Motion Weekly - March 6, 2016

Mar 05, 2016 at 09:19 pm by nickcharles

Motion Weekly

The Motion Weekly is a showcase of awe-inspiring short films, animation and motion graphic works from around the web. Some pieces featured have been created by professional studios, while others may be personal works. May this weekly segment serve to inspire you.


I love the shapes and flow of this...

"Melancollie" is a series of short animations inspired by the dynamics and shapes of skateboarding.
Observed through a extreme perspective, the videos enhance the essence of movement.
Based on footages by the majestic Mike Aldape "Dr.Purpleteeth".
Featured skateboarders in order of appearance: Reemo Pearson, Kevin Romar, Cody McEntire, Torey Pudwill.
Directed and produced by Marco Galmacci for Hello,Savants!

NTV Idents Package

I stumbled across this motion graphics piece several years ago and it's still one of my favorites.

*WINNER* Bassawards Best TV Channel Branding - Gold Prize

We were commissioned by NTV to create a family of idents for it's recently 16:9 broadcast.

Client: NTV Radyo ve Televizyon Yayınciligi A.S.
Director&Designer: Mehmet Kizilay
Animaton: Mehmet Kizilay, Ahmet Serif Yildirim
Sound: Mehmet Kizilay


Excellent and stylish hand-drawn animation.

A short film about the public at home in public.

Selected Festival Screenings
2016 9th British Shorts Film Festival, Berlin
2015 Anima, Brussels
2015 Turbine Festival, Tate Modern, London
2015 Internationales Trickfilm-Festival, Stuttgart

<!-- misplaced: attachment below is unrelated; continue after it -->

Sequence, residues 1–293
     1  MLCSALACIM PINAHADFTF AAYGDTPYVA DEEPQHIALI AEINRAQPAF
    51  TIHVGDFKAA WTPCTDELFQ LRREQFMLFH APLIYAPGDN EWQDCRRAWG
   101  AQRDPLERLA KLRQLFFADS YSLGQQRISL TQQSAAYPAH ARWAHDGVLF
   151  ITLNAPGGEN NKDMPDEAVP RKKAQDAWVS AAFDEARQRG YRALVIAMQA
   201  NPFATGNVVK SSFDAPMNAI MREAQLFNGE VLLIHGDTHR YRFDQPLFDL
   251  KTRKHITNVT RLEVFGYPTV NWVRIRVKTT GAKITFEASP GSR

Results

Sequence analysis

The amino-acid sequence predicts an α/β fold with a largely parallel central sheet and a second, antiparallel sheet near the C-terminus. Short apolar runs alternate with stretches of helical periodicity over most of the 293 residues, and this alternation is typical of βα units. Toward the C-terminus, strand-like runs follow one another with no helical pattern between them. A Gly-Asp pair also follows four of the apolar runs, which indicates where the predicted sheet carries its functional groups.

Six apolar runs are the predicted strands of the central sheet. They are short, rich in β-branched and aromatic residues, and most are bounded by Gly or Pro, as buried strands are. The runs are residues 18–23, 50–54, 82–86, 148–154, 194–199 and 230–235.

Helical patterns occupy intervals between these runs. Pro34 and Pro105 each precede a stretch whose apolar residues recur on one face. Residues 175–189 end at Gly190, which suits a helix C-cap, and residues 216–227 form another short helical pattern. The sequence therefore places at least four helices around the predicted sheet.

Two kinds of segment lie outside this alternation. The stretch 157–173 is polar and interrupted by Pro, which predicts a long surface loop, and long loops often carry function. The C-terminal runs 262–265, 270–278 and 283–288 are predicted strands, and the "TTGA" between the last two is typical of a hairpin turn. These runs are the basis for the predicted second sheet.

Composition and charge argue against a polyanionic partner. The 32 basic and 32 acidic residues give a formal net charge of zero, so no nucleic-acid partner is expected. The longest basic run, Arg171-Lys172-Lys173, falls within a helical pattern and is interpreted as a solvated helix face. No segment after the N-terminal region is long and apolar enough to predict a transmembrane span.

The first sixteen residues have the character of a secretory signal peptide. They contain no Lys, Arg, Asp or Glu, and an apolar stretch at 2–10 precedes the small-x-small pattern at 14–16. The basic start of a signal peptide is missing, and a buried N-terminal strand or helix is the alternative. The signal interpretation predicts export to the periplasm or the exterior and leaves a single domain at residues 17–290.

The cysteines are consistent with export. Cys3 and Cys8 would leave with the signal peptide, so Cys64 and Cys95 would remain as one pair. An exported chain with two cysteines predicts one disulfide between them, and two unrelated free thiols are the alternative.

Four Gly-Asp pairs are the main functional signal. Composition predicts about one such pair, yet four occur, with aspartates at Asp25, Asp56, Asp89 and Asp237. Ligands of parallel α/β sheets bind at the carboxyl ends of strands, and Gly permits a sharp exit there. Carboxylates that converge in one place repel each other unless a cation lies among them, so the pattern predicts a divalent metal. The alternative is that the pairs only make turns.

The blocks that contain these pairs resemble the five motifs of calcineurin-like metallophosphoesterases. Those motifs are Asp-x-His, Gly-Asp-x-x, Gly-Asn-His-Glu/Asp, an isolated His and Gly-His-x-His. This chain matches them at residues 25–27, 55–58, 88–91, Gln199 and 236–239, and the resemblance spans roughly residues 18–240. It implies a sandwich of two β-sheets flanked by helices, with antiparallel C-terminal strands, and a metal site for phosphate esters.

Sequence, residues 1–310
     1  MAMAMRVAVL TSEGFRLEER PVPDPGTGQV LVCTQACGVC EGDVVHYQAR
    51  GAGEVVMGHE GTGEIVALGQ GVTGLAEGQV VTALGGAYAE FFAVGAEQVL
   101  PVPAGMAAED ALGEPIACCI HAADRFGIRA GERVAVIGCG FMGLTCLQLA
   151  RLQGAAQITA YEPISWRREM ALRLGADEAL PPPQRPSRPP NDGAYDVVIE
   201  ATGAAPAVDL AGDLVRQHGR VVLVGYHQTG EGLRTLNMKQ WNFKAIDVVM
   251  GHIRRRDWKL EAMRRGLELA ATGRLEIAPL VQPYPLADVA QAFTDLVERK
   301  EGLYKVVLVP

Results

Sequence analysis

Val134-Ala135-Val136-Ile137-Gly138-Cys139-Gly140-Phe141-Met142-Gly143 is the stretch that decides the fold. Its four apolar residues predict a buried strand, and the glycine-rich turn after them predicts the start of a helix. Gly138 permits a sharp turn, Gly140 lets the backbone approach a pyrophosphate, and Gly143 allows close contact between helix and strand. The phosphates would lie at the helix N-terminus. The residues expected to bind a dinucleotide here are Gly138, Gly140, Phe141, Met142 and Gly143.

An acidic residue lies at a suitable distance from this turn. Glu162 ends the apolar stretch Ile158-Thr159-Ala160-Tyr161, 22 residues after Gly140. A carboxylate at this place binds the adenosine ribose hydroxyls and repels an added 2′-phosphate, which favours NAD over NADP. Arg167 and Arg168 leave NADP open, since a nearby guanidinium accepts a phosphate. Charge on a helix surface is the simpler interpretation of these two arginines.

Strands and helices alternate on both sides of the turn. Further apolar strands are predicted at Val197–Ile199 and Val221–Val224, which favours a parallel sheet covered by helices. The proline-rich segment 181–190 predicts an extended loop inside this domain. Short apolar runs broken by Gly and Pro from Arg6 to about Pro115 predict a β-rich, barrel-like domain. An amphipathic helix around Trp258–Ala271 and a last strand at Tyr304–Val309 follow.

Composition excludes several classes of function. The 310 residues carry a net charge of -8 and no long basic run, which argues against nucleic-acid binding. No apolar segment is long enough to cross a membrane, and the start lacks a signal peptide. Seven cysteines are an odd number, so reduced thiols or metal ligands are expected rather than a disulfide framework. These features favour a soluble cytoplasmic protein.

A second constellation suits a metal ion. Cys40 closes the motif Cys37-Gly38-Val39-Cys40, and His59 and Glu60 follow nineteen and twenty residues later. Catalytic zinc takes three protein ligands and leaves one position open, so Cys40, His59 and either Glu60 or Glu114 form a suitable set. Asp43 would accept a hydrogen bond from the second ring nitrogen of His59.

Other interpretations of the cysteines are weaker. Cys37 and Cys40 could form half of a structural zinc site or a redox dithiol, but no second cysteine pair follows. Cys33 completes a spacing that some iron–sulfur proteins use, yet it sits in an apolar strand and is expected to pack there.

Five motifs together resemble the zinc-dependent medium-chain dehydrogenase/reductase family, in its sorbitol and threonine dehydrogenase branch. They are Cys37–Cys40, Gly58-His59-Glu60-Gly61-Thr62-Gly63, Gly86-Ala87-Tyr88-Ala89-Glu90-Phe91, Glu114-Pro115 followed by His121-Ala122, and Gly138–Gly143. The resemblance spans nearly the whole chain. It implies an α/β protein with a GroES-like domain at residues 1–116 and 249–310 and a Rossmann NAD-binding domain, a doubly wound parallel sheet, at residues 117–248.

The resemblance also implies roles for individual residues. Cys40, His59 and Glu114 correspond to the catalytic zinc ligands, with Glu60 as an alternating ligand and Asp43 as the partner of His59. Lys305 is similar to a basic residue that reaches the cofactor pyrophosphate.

2015 Bottle Cap Film Festival, Newcastle Under Lyme
2015 Anim!Arte, Rio de Janeiro
2015 Mica Film Festival, Manaus
2014 London International Animation Festival
2014 Canterbury Anifest

Why science is NOT 'Just a Theory'

An excellent animated short that is funny and educational. Really enjoyed this one. Thanks to Ricky Grove for the suggestion.

Have you ever heard 'evolution' dismissed as 'just a theory'? Is a scientific theory no different to the theory that Elvis is still alive? Jim Al-Khalili puts the record straight.

There's an important difference between a scientific theory and the fanciful theories of an imaginative raconteur, and this quirk of semantics can lead to an all-too-common misconception. In general conversation, a 'theory' might simply mean a guess. But a scientific theory respects a somewhat stricter set of requirements. When scientists discuss theories, they are designed as comprehensive explanations for things we observe in nature. They're founded on strong evidence and provide ways to make real-world predictions that can be tested.

While scientific theories aren't necessarily all accurate or true, they shouldn't be belittled by their name alone. The theory of natural selection, quantum theory, the theory of general relativity and the germ theory of disease aren't 'just theories'. They're structured explanations of the world around us, and the very foundation of science itself.

Read the blog post to find out more:

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Thanks for watching!

Have some inspirational motion work to share? Drop me a line at: with the subject line: Motion Weekly.

Sections: Video

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